According to the ancient tradition, the story about Jacob’s Ladder is both instructional and insightful. Owing to the location of the sacred ground where Jacob slept, it is believed that it together with other similar sacred locations serve as the perfect conduits between the earthly and divine worlds. In other words, the ancients believed, as many believe today, that there are more sacred places to worship God than others. In part, this legend tends to shed more light on the earthly significance of Jerusalem to our Jewish brethren, as well as our Christian and Moslem brethren.
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For Masons there is yet another lesson to be learned from Jacob’s vision. While certain dogmas and doctrines assert the lone entitlement to bridging the gap between heaven and earth, God and man, those dogmas and doctrines are but paths one may select to complete our divine journey. There are other equally valid paths, which fact reminds us that embracing diversity is essential to establishing true freedom. More importantly, Masons are encouraged to think for themselves, pray to God on their own and develop a relationship with the Divine that is not wholly dependent about the intermediary of a specific dogma or doctrine. God created man in His image. He did not create dogma and doctrine in His image – those were created by man.

In that latter regard, the ancient writer Philo affirmed that the Therapeutae practiced what Freemasonry now preaches about the acquisition of divine knowledge. Stories from the Old Testament and elsewhere should be read for their symbolic messages, not for their literal recitation about factual history. The Therapeutae read the Holy Scriptures and sought wisdom from their ancestral philosophy by taking it as an allegory, since they also thought that the words of the text were symbols of something whose hidden nature is revealed by studying the underlying meaning.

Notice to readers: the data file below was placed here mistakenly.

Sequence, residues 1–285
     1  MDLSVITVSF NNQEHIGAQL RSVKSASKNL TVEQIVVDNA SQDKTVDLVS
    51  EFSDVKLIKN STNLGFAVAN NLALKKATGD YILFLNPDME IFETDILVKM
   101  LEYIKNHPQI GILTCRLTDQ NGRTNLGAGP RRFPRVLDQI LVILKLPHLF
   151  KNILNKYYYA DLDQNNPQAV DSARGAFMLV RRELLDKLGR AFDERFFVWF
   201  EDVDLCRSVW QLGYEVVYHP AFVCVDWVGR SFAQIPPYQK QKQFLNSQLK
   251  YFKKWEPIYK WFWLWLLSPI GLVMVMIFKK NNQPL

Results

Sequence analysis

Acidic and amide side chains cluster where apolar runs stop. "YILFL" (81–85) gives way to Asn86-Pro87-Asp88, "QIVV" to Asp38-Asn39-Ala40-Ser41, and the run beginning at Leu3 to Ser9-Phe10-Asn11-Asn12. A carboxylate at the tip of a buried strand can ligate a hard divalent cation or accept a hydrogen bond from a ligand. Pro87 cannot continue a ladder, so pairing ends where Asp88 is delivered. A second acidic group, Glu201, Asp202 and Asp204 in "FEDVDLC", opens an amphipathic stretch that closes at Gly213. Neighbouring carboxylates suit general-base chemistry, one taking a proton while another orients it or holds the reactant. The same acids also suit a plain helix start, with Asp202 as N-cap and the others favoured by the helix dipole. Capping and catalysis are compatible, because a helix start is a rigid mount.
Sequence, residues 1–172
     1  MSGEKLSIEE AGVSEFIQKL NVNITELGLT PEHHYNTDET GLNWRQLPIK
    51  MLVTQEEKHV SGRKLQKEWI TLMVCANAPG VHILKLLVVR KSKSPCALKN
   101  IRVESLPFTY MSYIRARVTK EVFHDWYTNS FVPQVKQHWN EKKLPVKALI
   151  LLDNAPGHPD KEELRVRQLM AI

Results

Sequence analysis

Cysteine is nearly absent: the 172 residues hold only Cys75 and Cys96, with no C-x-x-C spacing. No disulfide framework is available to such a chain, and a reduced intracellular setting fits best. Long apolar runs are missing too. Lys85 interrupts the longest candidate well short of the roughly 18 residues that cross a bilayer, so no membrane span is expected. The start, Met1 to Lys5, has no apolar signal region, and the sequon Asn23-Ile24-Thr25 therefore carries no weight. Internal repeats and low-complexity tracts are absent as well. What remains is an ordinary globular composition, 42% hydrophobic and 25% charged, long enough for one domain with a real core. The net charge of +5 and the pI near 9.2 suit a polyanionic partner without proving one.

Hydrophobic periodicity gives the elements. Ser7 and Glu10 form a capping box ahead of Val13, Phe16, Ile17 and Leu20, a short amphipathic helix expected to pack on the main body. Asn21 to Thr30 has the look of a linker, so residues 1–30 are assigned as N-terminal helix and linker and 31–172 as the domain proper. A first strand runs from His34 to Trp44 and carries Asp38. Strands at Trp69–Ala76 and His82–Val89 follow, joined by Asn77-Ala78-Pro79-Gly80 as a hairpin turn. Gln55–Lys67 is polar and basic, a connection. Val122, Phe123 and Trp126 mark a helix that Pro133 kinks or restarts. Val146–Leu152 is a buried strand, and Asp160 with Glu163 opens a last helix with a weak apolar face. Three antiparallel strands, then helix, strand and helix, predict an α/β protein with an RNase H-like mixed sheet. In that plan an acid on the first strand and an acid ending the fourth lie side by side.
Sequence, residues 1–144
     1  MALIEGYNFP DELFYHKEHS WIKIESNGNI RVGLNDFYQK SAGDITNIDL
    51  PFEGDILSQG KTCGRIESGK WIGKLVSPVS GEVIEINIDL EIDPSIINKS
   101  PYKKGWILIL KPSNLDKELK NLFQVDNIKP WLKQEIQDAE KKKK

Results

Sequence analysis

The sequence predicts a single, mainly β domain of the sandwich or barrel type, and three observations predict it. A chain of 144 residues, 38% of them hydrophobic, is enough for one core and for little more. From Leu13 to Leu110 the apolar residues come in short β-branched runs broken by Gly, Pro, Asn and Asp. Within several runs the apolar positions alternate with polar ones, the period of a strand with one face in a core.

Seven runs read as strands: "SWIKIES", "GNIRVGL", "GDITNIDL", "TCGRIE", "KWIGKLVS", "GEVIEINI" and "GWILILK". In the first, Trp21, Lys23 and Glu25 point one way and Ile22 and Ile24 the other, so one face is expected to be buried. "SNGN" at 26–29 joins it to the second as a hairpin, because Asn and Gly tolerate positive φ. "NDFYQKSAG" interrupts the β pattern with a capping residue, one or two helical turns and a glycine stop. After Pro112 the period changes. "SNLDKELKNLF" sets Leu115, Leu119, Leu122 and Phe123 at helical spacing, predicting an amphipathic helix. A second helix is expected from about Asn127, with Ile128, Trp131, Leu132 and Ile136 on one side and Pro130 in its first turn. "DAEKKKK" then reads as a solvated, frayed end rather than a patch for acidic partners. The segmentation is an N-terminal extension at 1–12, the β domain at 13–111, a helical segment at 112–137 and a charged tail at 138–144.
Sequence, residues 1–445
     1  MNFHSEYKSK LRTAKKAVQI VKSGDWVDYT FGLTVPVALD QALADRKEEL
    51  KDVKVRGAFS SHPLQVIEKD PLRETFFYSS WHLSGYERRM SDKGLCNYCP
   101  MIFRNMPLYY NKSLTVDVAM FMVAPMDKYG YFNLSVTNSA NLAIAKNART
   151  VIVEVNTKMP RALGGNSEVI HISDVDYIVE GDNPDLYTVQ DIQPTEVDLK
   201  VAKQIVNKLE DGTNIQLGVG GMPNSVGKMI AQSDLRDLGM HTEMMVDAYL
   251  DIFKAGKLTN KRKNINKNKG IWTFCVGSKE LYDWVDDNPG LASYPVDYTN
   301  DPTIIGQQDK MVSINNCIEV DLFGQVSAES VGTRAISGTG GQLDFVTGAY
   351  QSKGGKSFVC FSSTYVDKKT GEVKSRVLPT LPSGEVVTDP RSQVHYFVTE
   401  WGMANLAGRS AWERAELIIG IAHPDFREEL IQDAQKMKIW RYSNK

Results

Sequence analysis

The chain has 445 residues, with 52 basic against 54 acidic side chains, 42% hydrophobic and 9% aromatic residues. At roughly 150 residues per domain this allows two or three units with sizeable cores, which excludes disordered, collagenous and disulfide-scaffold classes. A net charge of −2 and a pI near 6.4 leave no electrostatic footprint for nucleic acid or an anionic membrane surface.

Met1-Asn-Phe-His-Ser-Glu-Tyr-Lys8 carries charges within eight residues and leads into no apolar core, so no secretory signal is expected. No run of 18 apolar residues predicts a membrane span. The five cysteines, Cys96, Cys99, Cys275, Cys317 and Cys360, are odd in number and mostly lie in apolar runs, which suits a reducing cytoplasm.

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Freemasonry teaches by the use of symbols and in so doing encourages its members to understand that God’s most enduring lessons are yet to be recovered from the mists of the past. Prophets and seers have told us that mankind has merely scratched the surface of all that is to be learned. Where man once walked on foot to get from one place to the other, he may now fly. While ancient civilizations could not communicate one with another, today’s nations are in instant communication. Mankind is drawing ever closer together, hundreds of thousands of people are living in urban environments and men on one end of the globe are nourishing the needs of men at the other end. Man’s relationship with God, direct and unfettered by outside dogma or doctrine, is essential for men to absorb the concept of brotherly love – not as a mere concept, but as a way of life.

Such are some of the lessons learned from the Masonic symbolism of Jacob’s Ladder. Can you find others?